On the 22nd of October 2020, the PROSPECT workshop “Peer Learning on Sustainable Financing” took place online.
The goal was to bring together representatives of local and regional authorities and energy agencies from across Europe to exchange and learn about innovative mechanisms for sustainable energy and climate projects. To do this, some of the most experienced PROSPECT mentors were invited to share their tips and tricks with the audience.
The crowd was composed of previous mentees from the four PROSPECT learning cycles, but also many people who heard about PROSPECT but did not get the chance to join the programme yet.
The workshop started with a tour de table of participants and a presentation of the project by coordinator Mia Dragović Matosović (IEECP), who revealed some of the insights and results of PROSPECT. Participants were then asked to choose one of the five breakout rooms available for two consecutive 45’ interactive sessions in small groups. The breakout rooms matched the five PROSPECT learning modules, and were hosted by five PROSPECT mentor organisations:
Mentors presented some of their best practice examples in relation to the topics, then exchanged with participants. They also addressed some of the challenges they encountered, and gave some guidance to avoid going through some difficulties they experienced themselves.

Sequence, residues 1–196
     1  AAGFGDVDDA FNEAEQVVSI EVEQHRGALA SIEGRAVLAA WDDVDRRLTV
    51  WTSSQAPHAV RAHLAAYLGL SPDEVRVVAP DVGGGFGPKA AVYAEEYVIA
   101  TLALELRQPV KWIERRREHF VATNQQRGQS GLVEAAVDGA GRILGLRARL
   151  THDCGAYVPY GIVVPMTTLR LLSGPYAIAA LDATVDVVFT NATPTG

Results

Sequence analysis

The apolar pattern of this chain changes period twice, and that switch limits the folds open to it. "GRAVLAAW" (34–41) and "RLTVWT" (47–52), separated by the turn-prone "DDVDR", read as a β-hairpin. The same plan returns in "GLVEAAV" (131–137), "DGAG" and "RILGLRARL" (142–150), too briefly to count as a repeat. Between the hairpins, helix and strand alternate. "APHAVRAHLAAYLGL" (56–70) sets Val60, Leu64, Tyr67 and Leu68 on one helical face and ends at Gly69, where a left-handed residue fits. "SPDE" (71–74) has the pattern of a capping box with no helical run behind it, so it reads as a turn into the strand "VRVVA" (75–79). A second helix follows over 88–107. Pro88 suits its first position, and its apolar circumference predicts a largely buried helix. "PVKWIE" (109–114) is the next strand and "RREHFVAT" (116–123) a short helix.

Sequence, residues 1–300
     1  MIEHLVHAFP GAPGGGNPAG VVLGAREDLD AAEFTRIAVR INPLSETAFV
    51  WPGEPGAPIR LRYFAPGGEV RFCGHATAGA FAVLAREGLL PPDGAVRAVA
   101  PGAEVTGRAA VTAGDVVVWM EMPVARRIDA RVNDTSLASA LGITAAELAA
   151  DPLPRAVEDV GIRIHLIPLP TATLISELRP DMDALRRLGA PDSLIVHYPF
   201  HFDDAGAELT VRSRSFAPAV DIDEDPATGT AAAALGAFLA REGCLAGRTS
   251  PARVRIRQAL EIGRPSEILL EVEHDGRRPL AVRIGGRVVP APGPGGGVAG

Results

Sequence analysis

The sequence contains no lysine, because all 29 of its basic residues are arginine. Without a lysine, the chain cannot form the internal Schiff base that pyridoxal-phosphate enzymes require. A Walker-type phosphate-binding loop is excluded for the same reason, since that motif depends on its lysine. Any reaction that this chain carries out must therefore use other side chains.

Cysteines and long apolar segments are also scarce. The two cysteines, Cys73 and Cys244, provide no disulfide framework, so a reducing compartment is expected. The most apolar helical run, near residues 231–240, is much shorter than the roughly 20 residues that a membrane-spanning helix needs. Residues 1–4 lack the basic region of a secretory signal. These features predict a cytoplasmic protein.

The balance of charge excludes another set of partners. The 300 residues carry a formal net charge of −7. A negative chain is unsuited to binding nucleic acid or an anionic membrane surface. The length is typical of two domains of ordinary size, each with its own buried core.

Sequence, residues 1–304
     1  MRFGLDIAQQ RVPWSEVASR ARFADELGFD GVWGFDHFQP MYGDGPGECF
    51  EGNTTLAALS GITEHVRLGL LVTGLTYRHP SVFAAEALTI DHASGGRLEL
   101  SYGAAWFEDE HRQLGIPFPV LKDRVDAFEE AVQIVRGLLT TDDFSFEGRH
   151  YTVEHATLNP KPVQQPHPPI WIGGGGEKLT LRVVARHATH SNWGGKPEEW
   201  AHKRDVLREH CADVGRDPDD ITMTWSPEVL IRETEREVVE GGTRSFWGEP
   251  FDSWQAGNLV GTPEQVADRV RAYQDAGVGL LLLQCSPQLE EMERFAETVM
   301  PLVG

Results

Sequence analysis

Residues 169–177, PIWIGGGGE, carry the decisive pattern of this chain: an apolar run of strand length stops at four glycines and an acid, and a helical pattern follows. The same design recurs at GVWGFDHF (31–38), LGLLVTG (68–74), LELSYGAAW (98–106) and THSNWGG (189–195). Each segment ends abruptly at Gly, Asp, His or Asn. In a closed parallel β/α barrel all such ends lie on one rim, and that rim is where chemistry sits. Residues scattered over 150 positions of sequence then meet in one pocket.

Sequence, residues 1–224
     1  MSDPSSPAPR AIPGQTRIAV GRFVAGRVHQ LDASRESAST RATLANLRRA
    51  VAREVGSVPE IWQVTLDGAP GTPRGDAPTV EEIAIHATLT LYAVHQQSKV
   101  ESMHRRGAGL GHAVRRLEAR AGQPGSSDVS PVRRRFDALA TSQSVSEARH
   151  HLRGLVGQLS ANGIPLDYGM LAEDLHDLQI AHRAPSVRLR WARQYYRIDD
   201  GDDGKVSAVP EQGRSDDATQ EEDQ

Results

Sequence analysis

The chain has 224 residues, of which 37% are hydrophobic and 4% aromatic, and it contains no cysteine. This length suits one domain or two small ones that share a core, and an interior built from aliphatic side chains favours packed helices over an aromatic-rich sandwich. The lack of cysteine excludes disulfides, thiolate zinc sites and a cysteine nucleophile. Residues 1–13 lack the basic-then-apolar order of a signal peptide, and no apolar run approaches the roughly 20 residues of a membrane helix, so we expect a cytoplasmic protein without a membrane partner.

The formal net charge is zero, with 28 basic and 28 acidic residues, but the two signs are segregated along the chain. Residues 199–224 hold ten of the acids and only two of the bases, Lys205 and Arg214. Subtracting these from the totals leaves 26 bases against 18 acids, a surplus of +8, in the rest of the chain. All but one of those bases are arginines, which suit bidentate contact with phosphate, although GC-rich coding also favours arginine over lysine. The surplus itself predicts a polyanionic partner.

The workshop ended with a plenary session to summarise the main discussion points and conclusions that were raised in small groups. All mentors and several participants expressed their satisfaction regarding the workshop. Indeed, despite the digital format, participants had plenty of time to network and ask questions. In total, 36 people participated in the workshop, including 6 mentors, 6 project partners/facilitators and 24 regular participants (around 5 per breakout group).
“Start easy, start small but start!” was the key message echoed from the City of Valladolid, Spain. This was certainly also one of the main conclusions from the event, backed by most mentors and facilitators. The key lesson here is that municipalities and energy agencies might not directly be able to bundle projects and use complex financing mechanisms for their sustainable energy plans, but what matters is to launch the process and not be afraid of starting something new.